Review: “Shadowed Ground” by Vicki Keire

Shadowed Ground (Chronicles of Nowhere, Vol #2) by Vicki Keire (Click for Goodreads)

2 1/2 stars

Chloe Burke has only two choices left: run or fight.

As she wakes from a poisoned sleep with silver scars across her neck and back, her aunt’s diary may provide the only clues about the creatures of fire that hunt her. Through it, she learns of her own awakening powers, as well as more about Annwyn, the world of her childhood, now burned to ash.

She also learns of the blood sacrifice that will be required of her when she arrives at Gray’s Landing. It’s a sacrifice not everyone survives.

Trapped and hunted, separated from her last living relative and the only home she has ever known, Chloe must rely on the deadly Eliot Gray to guide her through the strange world she suddenly finds herself inhabiting. It’s a world where the Abandoned wear human bodies like cheap suits, where the Landing finds itself threatened by its nearest neighbors, and Chloe and Eliot must watch their every move.

As the world around them becomes increasingly hostile, Chloe and Eliot turn more and more towards each other. As the bonds of trust grow, they must be careful not to tread upon time-honored boundaries: those forbidding Guardians to act on feelings for their Wards. To do so would break the bond, and would leave Chloe unprotected as the pair makes their way to Gray’s Landing, and safety.

Members of the powerful Ravenwood family fall further and further under the Abandoned’s influence until Alexander stands alone. Cass and Miranda must find a way to take legal possession of the Landing amidst corruption and danger in Savannah.

A dangerous road stretches on before them, and Chloe and Eliot must learn to work as a team against the deadly predators that threaten a whole new world. Determined not to let the only home she remembers suffer Annwyn’s fate, Chloe finds herself in a race to reach Gray’s Landing before it is too late.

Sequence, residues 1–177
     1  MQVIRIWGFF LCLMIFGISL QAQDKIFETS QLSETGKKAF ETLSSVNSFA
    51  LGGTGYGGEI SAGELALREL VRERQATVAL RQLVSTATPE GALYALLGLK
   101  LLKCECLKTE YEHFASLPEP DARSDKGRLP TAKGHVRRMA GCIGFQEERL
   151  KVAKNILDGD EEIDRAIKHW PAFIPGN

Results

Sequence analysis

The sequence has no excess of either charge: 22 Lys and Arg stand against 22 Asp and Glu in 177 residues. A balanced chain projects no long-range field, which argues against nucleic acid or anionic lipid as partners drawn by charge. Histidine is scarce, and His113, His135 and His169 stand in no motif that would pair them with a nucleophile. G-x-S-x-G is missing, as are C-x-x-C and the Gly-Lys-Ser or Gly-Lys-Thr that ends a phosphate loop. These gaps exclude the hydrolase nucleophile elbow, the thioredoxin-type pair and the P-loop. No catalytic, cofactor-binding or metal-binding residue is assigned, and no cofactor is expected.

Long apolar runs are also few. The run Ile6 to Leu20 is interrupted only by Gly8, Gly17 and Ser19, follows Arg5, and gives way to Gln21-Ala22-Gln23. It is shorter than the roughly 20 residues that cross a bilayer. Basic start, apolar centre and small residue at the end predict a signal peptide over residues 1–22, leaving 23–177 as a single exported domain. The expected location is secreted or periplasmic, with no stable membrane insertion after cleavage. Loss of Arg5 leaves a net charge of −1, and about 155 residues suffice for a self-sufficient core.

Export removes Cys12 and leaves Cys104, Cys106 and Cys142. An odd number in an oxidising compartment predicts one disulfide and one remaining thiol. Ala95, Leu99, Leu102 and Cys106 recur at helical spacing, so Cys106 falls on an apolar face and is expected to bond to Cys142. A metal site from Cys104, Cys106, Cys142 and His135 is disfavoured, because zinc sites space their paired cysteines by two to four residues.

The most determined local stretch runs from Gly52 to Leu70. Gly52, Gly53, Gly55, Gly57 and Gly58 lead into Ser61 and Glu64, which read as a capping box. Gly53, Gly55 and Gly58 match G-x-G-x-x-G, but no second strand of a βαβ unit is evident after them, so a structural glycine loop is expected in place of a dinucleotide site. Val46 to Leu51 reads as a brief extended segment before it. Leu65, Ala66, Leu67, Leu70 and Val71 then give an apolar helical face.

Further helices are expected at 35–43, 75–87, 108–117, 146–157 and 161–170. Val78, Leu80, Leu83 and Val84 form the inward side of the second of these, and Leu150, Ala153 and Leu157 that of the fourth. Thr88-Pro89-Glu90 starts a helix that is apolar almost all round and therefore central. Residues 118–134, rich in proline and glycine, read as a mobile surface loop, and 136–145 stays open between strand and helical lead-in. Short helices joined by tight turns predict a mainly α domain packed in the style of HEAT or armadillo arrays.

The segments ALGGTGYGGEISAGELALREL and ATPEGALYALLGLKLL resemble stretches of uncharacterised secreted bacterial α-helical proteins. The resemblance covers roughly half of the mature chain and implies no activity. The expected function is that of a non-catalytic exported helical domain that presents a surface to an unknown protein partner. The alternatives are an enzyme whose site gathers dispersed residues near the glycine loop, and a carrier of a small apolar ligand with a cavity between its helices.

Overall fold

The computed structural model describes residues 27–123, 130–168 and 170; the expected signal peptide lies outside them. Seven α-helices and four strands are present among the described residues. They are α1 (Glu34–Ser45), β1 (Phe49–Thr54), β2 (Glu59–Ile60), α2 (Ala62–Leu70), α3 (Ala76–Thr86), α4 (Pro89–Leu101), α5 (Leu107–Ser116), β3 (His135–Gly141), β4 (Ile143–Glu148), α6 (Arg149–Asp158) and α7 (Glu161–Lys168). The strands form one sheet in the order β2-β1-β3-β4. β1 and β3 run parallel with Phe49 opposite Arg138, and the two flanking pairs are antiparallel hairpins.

This review is from an ARC received from NetGalley. Shadowed Ground is now available in ebook format.

There is one important thing everyone needs to know about The Chronicles of Nowhere. If you read the first book, you already know this, but for anyone elses knowledge: The Chronicles of Nowhere are NOT novels. They are serialized stories. This just means that every installment (so far) is only 100 pages or so.

But here’s the thing. I am legitimately confused by this installment. For me, the logical train of thought is: If this book is going to be so short, let’s pack it with action–or, at least, things that move the plot along. Shadowed Ground … didn’t. Perhaps this isn’t the right mind frame for serialized stories, but that was the mentality I went into it with. It was, I guess, the wrong one.

This book is entirely Chloe and Eliot centric. It almost feels as if Alexander and Chloe’s mom are no longer important. However, it got worse when it seemed that Alexander’s and Chloe’s mom’s storylines had the most juice in them, but we never got to see them. Out of 15 chapters, 2 were Alexander and 1 was Chloe’s mom from the viewpoint of a drunk, recently dumped and fired lawyer, if memory serves. These not only had the potential for the most plot juice, but also the most action as well but they were mostly forgotten.

Chloe and Eliot’s story had no real plot juice. First they’re talking. Then he’s trying to teach her how to fight. Then they’re talking. Then they’re driving. Then they’re talking. There’s finally a sword fight over halfway into the book, but by then I’d lost my steam. I understand that Chloe is trying to deal with a lot, but the writing didn’t deal with it well. She spends so much time whining and freaking out that she becomes unlikable. Eliot is a cool character, but I don’t follow his schizo personality switches. They came without warning and seemed really out of place.

I really didn’t want to give this two stars, but I honestly couldn’t justify giving it three. So, it’s two and a half stars is my compromise. This book WAS better than a two star rating, whenever things were really going down or no one was talking (and Chloe wasn’t whining). Honestly, I just became far too frustrated with the lack of movement within the very short story. Keire clearly has the potential to write a really fast paced ride, but this just wasn’t it.


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